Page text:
Ralph Damiano, MD
Ralph J. Damiano Jr., MD, is the Evarts A. Graham Professor of Surgery and Chief of the Division of Cardiothoracic Surgery at Washington University School of Medicine and Barnes-Jewish Hospital in St. Louis.
He is co-chairman of the Heart & Vascular Center.
Dr. Damiano has authored more than 430 scientific publications and given more than over 600 lectures and presentations around the nation and the world. His major contributions have been in the area of myocardial preservation, surgical electrophysiology, and minimally invasive cardiac surgery. He has been Associate Editor of the Journal of Thoracic and Cardiovascular Surgery of the Journal of the American College of Cardiology. He was Editor-in-Chief of the journal Innovations from 2008-2018. He has twice been a member of the Bioengineering, Technology and Surgical Sciences Study Section at the NIH. Dr. Damiano is past president of the Society of Clinical Surgery, the Cardiac Surgical Biology Club, and the International Society for Minimally Invasive Cardiothoracic Surgery. He was elected to the Board of Directors of the AATS in May 2020.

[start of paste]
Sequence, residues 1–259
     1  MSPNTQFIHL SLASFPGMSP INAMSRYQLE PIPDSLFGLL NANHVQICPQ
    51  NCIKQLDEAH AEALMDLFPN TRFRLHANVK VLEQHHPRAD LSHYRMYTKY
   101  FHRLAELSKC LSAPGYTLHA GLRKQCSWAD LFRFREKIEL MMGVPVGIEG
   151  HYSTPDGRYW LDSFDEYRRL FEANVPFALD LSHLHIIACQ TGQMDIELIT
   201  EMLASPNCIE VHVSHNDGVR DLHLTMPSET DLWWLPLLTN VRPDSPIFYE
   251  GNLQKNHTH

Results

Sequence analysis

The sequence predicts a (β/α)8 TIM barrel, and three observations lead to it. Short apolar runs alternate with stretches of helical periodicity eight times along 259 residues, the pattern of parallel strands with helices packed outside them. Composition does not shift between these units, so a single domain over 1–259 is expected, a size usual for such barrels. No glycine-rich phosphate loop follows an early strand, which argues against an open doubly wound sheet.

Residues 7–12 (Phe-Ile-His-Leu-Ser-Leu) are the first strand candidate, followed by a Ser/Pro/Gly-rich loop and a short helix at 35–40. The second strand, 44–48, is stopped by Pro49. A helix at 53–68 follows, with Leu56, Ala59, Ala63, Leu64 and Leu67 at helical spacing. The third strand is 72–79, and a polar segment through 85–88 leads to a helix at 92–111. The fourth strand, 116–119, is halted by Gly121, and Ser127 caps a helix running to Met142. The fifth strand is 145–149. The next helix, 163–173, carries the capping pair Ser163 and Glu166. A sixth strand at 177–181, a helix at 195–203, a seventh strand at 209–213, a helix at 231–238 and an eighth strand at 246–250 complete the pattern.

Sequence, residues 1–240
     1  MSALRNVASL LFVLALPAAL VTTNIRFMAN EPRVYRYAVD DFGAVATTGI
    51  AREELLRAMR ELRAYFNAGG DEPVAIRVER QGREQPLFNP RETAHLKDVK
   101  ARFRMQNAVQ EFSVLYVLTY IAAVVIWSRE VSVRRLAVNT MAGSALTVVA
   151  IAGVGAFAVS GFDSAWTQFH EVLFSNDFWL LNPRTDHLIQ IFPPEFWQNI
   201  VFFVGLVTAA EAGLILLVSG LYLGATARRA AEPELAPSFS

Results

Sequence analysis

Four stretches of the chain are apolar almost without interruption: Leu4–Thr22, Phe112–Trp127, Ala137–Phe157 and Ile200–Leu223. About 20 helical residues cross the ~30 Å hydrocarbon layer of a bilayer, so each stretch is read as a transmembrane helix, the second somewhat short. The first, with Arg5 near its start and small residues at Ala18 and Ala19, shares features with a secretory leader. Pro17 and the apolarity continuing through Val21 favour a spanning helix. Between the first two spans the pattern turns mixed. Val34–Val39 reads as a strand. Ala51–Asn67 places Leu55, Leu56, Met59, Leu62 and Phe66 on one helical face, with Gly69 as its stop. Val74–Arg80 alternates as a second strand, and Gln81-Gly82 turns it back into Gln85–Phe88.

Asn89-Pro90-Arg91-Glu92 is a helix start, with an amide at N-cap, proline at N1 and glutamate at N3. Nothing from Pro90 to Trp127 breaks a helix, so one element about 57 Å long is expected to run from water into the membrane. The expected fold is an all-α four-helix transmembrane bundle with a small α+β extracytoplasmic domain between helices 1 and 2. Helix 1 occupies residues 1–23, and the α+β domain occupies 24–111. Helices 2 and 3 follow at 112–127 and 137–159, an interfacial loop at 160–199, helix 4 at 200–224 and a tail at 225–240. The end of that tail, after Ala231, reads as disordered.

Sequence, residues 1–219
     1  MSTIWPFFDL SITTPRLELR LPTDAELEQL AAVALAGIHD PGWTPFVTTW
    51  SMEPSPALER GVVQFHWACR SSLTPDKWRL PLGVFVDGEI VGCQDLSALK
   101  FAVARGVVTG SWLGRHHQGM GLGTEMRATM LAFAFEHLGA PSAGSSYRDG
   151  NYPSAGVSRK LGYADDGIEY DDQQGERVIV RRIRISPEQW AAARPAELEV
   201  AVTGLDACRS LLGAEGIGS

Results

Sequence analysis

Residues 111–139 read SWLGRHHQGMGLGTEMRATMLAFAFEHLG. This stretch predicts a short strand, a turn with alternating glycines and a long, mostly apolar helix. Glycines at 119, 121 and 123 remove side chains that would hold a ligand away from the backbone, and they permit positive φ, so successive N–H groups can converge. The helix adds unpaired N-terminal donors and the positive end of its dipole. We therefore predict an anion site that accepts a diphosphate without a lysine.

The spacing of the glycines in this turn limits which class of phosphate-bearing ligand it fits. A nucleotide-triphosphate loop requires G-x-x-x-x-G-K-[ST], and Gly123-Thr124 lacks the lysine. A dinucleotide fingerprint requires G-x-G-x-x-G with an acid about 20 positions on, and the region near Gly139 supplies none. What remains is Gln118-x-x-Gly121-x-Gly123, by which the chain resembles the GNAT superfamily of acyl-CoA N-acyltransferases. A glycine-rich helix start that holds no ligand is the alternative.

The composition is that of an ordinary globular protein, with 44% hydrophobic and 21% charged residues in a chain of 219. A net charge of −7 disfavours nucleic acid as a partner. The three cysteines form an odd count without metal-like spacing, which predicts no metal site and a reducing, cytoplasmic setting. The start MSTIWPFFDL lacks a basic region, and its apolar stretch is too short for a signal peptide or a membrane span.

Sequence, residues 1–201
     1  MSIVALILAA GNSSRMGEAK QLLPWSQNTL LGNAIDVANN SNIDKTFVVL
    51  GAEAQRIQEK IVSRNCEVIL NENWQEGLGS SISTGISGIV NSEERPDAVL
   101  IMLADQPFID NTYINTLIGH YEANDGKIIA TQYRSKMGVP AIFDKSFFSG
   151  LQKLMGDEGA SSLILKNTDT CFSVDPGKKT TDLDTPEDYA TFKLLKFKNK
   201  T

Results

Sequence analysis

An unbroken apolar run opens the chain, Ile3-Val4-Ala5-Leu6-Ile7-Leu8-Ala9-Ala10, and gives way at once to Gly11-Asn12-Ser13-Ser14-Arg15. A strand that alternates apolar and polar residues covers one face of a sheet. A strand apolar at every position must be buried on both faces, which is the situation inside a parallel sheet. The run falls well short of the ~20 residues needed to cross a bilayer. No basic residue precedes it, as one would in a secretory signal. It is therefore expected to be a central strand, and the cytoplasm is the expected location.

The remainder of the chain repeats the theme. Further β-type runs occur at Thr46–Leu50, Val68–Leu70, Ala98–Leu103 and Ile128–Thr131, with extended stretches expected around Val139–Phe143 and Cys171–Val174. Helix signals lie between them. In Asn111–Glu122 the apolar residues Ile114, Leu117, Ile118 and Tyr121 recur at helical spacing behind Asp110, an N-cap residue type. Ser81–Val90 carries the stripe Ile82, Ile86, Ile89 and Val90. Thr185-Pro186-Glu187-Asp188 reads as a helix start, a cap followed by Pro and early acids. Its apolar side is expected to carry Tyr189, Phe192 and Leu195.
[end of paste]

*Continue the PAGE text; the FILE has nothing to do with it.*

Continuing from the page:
Dr. Damiano has been a pioneer in the area of minimally invasive cardiac surgery. His developmental work on robotically assisted microsurgery for coronary artery bypass grafting (CABG) earned him a Computer World Smithsonian Award in June of 1997. Dr. Damiano performed the first robotically assisted surgical procedure in North America, a CABG, in December 1998. He also has been a leader in the field of the surgical treatment of arrhythmias. His team at Washington University is world-renowned for its clinical and basic research on the surgical treatment of atrial fibrillation. His group has been continuously funded by the NIH for over 30 years in this area. They have developed the gold-standard surgical procedure, the Cox-Maze IV operation, which has been adopted around the world. His group has continued to evolve the procedure to be less-invasive, more effective, and more widely applicable to patients with this arrhythmia.